Autocar trucks Service, Repair and Maintenance Manuals PDF

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Autocar trucks owner’s, service and maintenance manuals, error codes list, DTC, spare parts manuals & catalogues, wiring diagrams, schematics free download PDF

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Autocar ’50-’67 Truck Basic Electric Wiring Diagram 1.jpg 995.8kb Download
Autocar ’50-’67 Truck Basic Electric Wiring Diagram 2.jpg 1.1Mb Download
Autocar actt 4×2 [PDF] 1.2Mb Download
Autocar actt 6×4 [PDF] 1.3Mb Download
Autocar Body Builder’s Installation Manual [PDF] 4.9Mb Download
Autocar Expert MY 2017 Medium Duty 4X2 Class 7 Standard and Optional Specifications [PDF] 55.7kb Download
Autocar Expert MY 2019 Medium Duty 4X2 Class 8 Standard and Optional Specifications [PDF] 62.7kb Download
Autocar U7144 Operator Manual [PDF] 4Mb Download
Autocar WXLL 64 Specifications [PDF] 7.4kb Download
Autocar Xpeditor brochure [PDF] 694.8kb Download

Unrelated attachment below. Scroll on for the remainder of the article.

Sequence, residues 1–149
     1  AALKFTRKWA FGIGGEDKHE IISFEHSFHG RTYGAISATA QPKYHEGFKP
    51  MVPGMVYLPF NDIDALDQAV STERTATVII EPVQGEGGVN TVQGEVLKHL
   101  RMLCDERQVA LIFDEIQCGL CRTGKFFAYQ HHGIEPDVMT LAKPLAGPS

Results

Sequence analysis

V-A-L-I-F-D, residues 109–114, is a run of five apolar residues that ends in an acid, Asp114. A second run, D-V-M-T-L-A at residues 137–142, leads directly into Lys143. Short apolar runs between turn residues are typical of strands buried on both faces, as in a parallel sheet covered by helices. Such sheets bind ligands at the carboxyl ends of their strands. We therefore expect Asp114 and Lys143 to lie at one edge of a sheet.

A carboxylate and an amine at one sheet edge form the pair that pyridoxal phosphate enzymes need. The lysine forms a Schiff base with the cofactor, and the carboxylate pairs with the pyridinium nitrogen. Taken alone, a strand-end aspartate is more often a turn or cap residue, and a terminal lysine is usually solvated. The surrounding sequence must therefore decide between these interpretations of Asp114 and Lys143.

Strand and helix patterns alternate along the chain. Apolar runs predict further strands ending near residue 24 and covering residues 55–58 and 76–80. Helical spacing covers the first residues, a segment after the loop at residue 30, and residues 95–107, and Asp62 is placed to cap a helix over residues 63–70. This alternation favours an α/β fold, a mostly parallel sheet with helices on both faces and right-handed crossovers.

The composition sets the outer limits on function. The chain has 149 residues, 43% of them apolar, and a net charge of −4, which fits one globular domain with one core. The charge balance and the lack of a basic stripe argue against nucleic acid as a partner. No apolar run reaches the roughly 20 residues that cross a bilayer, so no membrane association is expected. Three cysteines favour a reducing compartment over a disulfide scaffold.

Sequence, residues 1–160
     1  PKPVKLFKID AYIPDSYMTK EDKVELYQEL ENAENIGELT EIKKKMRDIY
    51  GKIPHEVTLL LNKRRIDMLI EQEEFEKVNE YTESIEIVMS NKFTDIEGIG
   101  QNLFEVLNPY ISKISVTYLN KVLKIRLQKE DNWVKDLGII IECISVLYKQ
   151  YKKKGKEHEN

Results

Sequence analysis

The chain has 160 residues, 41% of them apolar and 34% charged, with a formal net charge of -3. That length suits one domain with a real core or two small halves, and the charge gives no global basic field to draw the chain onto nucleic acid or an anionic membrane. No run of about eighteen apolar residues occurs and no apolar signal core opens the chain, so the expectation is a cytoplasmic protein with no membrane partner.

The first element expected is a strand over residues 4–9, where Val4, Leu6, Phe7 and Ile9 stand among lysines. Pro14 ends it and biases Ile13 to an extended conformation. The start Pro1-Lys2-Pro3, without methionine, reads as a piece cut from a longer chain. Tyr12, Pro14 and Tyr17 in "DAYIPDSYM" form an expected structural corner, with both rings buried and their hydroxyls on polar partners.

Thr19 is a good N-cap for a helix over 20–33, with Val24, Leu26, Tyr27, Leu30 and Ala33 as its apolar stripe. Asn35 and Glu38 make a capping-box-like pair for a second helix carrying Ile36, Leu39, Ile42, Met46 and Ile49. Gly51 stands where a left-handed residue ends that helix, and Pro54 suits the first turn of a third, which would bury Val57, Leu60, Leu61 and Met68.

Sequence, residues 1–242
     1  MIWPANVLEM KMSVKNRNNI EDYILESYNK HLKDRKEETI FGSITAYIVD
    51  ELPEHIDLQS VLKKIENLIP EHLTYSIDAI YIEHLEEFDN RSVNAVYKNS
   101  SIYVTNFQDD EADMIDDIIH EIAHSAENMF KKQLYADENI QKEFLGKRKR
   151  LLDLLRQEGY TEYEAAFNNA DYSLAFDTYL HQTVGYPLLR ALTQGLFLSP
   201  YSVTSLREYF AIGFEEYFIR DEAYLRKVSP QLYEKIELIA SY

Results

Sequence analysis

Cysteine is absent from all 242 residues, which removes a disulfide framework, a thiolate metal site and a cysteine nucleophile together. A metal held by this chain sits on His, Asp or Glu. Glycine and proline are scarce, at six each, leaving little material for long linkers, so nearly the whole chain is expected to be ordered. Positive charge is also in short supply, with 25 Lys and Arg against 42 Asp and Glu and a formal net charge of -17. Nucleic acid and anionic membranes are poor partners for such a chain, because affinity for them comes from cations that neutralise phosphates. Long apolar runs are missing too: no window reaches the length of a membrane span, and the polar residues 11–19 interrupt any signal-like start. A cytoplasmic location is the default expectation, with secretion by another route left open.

Autocar trucks background information

Founded in 1897 by brothers Lewis and John Clarke, the Autocar automotive brand originally went by the name “The Pittsburgh Motor Vehicle Company” for the first two years before being renamed “Autocar” in 1899. The foundation for what would become one of America’s most iconic tractor brands was placed in Erdmoor, Pennsylvania, on January 1, 1900. In addition to these developments, Autocar produced the first American automobiles equipped with a driveline, and porcelain insulators were first employed in spark plugs.

In 1908, Autocar developed the first truck with a cab mounted on top of the engine to use the cargo platform better. Autocars better fit the description “with an engine positioned behind the seat” because of their layout. Before moving on to larger vehicles, this manufacturer focused on producing smaller buses with storage space for electronics beneath the driver’s seat and in the chassis. In 1907, the first freight Autocar was introduced, and in 1908, production of the 1-ton model “XVIII” with a wheelbase of 2160 millimeters started.